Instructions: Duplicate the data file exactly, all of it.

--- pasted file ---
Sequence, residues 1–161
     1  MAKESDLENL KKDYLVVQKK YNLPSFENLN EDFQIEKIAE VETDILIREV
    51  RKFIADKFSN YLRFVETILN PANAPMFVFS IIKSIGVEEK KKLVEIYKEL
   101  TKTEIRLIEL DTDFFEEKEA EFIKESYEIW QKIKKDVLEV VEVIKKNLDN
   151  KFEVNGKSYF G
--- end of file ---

Sequence, residues 1–161
     1  MAKESDLENL KKDYLVVQKK YNLPSFENLN EDFQIEKIAE VETDILIREV
    51  RKFIADKFSN YLRFVETILN PANAPMFVFS IIKSIGVEEK KKLVEIYKEL
   101  TKTEIRLIEL DTDFFEEKEA EFIKESYEIW QKIKKDVLEV VEVIKKNLDN
   151  KFEVNGKSYF G